Land of Milk and Honey

At Middleton Farms, the past is always present.

At least that’s what owner Robert Middleton says, and he would know. Robert’s father, W.K. Middleton, started the dairy in 1948. Now that Robert runs the farm with his two sons, Shane and Jeff, he’s the bridge between the old-timers and the young’uns, the old school and the new school, the days when Gulf Coast dairies thrived – and the days when Gulf Coast dairies died.

But Middleton Farms still stands. As I turn off Airport Boulevard near the state line, the question I want answered is “why?” Why has this cow dairy farm lasted when more than 2, 000 others like it in Alabama have shut their barn doors?


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ABOVE LEFT Jeff Middleton demonstrates the milking process. This particular cow currently produces around 9 gallons of milk per day.

ABOVE RIGHT Robert Middleton links the family dairy farm’s present with its past. Here, he is shown riding his father’s old tractor.

ABOVE Left to right: Jeff, Robert and Shane Middleton pose with “future dairy farmers, ” Eli, Annie and Cash.

The People

The first son I meet is Jeff. His eyes are tired and he moves like he’d rather not be moving at all. Jeff explains that today was his day to milk the cows and that, just minutes ago, he had drained the 280th udder. He had started working that morning at 1 a.m. My watch currently reads 5 p.m.

Robert himself enters the room. He’s a tall and broad man who’s quick to smile. His other son, Shane, follows him in, and the family portrait is complete. Besides sharing the farm, Robert and his sons share the same tanned skin and rough handshakes.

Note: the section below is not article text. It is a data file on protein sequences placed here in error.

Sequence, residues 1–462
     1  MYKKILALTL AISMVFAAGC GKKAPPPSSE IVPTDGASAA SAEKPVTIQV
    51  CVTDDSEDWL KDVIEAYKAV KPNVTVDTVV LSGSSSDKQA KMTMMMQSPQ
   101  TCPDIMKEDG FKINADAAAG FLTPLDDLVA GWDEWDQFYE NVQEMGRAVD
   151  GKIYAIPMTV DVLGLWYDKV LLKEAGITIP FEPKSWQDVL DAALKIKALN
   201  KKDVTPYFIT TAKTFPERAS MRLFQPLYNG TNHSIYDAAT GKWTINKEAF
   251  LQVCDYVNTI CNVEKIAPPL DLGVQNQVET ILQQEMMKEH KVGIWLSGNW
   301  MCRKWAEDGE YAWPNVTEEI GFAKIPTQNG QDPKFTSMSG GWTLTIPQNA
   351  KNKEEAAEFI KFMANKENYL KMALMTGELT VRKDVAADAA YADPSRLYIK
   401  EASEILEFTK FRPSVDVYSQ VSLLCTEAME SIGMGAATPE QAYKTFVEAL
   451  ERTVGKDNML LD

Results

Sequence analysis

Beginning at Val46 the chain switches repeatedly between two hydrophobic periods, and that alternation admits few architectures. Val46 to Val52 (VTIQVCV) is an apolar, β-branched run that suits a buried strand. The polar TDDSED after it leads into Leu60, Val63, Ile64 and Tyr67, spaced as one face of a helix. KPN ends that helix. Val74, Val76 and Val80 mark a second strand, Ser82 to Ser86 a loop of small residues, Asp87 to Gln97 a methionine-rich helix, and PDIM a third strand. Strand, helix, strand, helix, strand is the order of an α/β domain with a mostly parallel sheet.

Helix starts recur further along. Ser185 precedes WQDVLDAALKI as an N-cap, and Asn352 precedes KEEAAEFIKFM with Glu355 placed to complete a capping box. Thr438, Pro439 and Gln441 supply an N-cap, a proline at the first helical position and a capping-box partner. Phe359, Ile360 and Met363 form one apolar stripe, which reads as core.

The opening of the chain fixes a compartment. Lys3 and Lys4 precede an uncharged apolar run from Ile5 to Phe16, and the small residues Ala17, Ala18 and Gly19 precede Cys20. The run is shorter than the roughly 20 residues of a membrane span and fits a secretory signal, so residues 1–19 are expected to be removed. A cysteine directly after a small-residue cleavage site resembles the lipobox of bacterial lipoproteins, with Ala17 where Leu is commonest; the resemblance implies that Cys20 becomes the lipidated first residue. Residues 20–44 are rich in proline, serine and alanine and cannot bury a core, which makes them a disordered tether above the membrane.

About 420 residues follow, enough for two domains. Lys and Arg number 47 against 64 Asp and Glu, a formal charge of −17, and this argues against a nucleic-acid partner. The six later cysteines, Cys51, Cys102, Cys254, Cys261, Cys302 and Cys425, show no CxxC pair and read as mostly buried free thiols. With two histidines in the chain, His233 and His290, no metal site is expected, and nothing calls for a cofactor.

Responsibilities, however, are divided. While Robert oversees dairy operations, crop manager Shane makes sure the cows are fed and Jeff handles the bookkeeping. 

Each family member is an essential part of the larger machine; maybe that’s the secret to their success. After all, it’s a machine that seems to be working just fine. “Since 1948, there hasn’t been a single day that a Middleton hasn’t milked a cow, ” Jeff says with pride. In other words, don’t expect a family vacation any time soon: “The odds of all of us going anywhere on vacation are slim to none, ” Jeff’s wife, April, explains. “And it never fails. When one of us goes out of town, something goes wrong.”

Dairy farming isn’t for everyone. The hours are grueling, and the work is more intensive and varied than most people realize. “One time I had a guy ask me, ‘If you didn’t run a dairy farm, what would you do? You don’t know how to do anything else.’” To which Robert responded, “Well let me tell you something. To do this, you gotta be a mechanic, you gotta be a veterinarian and you gotta be an electrician. Hey, we ain’t dummies.”